An Interim Report from the first independent review of Pharmac, since it was established more than 25 years ago, was released in early December 2021. The review panel had been asked to consider how well Pharmac performed against what it was asked to do and whether its performance could be improved.
It was also asked to look at timeliness of decision-making, transparency, and equity of outcomes, particularly for Māori, Pasifika people, disabled people, and those with rare disorders.
Allergy New Zealand made a submission to the Review Panel, and CEO Mark Dixon participated in a focused workshop with other NGO health sector representatives. The major issue expressed on behalf of our stakeholders was the ongoing lack of funding for adrenaline auto-injectors for those at risk of anaphylaxis. As shown in this tracker, Proposal: P-000623 (pharmac.govt.nz), the application process for an adrenaline auto-injector started in 1997, with Allergy New Zealand’s contribution including major submissions in 2010 and 2012.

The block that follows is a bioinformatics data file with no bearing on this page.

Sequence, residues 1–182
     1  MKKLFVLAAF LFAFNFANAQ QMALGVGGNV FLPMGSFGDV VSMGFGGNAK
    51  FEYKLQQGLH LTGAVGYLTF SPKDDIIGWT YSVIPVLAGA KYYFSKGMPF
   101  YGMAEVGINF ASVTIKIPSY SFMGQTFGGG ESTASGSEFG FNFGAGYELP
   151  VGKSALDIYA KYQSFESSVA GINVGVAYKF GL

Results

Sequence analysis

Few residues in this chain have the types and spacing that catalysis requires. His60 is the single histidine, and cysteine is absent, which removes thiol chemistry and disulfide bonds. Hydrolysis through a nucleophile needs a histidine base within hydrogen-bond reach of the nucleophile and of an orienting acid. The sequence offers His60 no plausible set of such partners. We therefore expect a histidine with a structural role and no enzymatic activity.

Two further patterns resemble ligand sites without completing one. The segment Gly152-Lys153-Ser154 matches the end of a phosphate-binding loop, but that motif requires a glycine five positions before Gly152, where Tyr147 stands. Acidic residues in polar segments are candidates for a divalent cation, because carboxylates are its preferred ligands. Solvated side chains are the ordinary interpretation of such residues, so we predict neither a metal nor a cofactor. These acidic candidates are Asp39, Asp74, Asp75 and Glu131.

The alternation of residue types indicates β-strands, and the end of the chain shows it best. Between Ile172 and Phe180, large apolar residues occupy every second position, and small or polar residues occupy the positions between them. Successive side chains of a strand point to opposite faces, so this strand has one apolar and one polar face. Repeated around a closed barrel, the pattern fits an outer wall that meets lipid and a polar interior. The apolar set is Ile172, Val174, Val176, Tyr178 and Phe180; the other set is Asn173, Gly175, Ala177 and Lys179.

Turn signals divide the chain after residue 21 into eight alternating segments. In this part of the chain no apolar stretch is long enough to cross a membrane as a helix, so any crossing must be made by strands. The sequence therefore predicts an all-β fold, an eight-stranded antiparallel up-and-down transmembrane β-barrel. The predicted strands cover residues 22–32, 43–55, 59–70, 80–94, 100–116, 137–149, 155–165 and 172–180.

Pharmac Review Chairperson Sue Chetwin says:
Pharmac is a relatively small agency staffed by highly-skilled people with a reputation for achieving cost reductions and maximising the value of the annual pharmaceutical budget. It also operates in an environment where it is a very small player on the world stage, and where there is increasing numbers of sophisticated new drugs hitting the market.
Our report is not intended to undervalue the hard work that Pharmac’s staff do. However, Pharmac is coming under increasing challenges from consumer and patient advocates, clinicians and pharmaceutical companies who complain about the timeliness of decisions, the transparency of how it operates and equity issues. These are concerns the panel share.
While the interim report does not make recommendations, it signals the areas of main concern and where the panel is now doing more work.
Over the period of the interim report, the panel has met many stakeholders and heard heartfelt stories. Sadly, during the time of the review some of those who shared their experience with us have passed away. In particular, the panel would like to acknowledge the contributions of Wiki Mulholland from Patient Voices Aotearoa and Neil Graham from Chronic Lymphocytic Leukaemia Advocates New Zealand.
Pleasingly, the observations noted in the report were reached with full agreement from panellists. Our challenge now is to make recommendations that will support Pharmac to become more effective at delivering equitable outcomes for all New Zealanders.
Stakeholder engagement and an initial assessment of Pharmac decision-making processes show:
In the next phase the panel will:
Allergy Today, December 2021